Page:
The Dark Knight Returns by Frank Miller

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The Dark Knight Returns was originally published in 1986 and is largely considered one of the best comics ever written. I somehow never got around to reading it until now.

The premise is that Batman decides to retire from crime fighting after the death of the second Robin. However, without Batman, crime in Gotham skyrockets, so he decides to dawn the bat costume once again, despite now being in his 50s.

This comic was considered revolutionary for its time. Before this, Batman was best known from Adam West’s campy portrayal in the 1960s television series. This is a return to a darker, grittier Batman. Here, the Batmobile is basically a tank. We get a new female Robin. We also learn the reason Batman wears a bright yellow symbol on his chest is so criminals will aim for where his armor is, rather than his face.

One of this Batman’s chief reasons for fighting crime is he derives pleasure from frightening criminals and making them feel pain, so he’s a bit of a sadist. He stops short of killing them, but he does enjoy causing serious injury. In this world, his approach actually works. Batman scares criminals so much, the crime rate actually goes down as a result.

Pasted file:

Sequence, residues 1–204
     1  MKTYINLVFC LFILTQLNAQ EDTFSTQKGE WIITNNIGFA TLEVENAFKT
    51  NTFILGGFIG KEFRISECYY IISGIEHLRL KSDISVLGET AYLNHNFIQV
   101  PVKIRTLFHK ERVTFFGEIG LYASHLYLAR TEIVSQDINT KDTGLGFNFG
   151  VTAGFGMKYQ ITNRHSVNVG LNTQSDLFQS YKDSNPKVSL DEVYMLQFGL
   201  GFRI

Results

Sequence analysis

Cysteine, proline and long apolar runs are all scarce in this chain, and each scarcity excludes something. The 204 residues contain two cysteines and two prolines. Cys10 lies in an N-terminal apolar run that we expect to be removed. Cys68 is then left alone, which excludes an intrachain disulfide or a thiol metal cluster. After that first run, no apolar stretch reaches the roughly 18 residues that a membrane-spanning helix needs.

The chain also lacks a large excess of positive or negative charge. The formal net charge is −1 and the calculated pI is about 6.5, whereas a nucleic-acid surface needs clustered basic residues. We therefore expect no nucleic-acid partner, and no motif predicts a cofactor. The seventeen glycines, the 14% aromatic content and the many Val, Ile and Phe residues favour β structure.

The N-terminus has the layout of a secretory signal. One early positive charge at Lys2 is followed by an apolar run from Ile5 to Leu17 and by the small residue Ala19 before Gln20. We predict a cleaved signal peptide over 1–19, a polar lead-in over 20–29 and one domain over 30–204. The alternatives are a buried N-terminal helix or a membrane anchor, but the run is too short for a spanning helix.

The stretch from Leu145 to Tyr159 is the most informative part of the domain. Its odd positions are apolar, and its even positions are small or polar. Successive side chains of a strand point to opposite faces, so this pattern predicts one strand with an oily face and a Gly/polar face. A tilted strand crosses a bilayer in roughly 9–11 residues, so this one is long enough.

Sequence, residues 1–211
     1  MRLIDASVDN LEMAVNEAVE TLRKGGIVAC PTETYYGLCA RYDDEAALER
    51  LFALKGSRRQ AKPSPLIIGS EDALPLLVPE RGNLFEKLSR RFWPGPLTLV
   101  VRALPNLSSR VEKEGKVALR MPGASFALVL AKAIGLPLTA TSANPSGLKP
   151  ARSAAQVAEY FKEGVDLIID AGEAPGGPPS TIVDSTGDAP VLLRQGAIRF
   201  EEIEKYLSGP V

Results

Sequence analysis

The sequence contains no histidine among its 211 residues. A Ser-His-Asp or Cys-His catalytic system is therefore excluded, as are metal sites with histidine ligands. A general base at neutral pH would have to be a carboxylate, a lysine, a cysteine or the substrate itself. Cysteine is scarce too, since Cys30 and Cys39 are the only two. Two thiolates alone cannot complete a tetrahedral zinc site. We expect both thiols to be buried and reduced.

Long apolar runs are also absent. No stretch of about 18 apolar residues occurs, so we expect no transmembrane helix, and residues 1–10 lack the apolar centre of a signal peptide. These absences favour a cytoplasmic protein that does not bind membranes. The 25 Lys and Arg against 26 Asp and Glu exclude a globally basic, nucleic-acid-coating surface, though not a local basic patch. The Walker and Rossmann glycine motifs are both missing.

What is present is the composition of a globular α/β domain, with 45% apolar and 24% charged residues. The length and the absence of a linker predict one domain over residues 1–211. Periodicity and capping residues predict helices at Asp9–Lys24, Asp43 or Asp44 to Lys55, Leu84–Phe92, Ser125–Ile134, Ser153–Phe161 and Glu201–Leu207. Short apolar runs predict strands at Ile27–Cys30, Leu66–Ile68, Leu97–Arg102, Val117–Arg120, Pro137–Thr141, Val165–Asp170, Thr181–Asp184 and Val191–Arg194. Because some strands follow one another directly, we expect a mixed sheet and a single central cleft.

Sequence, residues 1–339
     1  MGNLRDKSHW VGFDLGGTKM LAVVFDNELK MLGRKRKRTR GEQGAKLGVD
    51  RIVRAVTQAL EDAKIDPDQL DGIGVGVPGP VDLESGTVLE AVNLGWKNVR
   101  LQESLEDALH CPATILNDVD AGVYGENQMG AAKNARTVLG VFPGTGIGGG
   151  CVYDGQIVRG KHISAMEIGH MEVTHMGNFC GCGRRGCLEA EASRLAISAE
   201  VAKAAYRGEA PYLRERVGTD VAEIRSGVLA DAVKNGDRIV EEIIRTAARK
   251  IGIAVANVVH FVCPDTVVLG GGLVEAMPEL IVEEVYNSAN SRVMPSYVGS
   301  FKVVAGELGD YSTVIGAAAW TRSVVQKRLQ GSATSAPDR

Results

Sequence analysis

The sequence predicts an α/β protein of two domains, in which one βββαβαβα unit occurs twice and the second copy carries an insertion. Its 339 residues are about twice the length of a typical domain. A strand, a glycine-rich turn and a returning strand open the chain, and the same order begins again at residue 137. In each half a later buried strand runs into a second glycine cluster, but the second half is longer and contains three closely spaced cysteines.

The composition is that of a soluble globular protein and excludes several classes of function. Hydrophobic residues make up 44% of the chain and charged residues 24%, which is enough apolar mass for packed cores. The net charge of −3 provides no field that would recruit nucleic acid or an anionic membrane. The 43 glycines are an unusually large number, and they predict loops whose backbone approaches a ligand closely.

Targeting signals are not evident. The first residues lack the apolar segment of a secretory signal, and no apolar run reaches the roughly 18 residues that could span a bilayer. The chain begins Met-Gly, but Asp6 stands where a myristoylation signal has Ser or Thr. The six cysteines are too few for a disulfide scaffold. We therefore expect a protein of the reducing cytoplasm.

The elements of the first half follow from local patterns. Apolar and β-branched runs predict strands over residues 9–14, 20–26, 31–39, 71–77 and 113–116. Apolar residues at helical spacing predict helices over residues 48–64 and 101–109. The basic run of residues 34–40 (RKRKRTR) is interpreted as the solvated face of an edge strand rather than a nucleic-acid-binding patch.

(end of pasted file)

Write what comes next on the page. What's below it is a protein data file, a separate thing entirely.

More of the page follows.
The artwork isn’t as impressive as you’ll find in comics today, but that’s to be expected. Most pages are divided into 16 panels which gives little room for artwork and sometimes makes it difficult to tell what’s going on. The 16 panels also means there’s more reading than you get in a typical 6-panel graphic novel. This makes for a slow read that feels like a chore at times. Especially since much of the dialogue is spent on debates between newscasters. This means Batman’s story often takes a backseat to uninspired political rants.

The anti-vigilante pundits are on the criminals’ side for some reason and psychologists gleefully return dangerous criminals to the streets because they’re that stupid. The concept of criminal reform is ridiculed, as is the idea that mental illness can be treated. The point the author seems to be making is that crime isn’t caused by societal factors, but rather by criminals not getting beat up enough. The only solution to crime is to punch it in the face!

It’s a bit confusing in places. Batman is initially torn up over the death of the last Robin, but doesn’t hesitate to deputize another Robin and put her into the same kind of danger. I’m not clear on why the mutant gang switches from trying to kill Batman to making him their leader and why he’d want the bad guys on his side. He might as well team up with the Joker. The motivation behind the Batman/Superman fight wasn’t entirely convincing either.

This was a ground-breaking comic when it was first published and it certainly influenced many comics that came after, but its simplistic violence-is-always-the-answer message certainly doesn’t hold up today.

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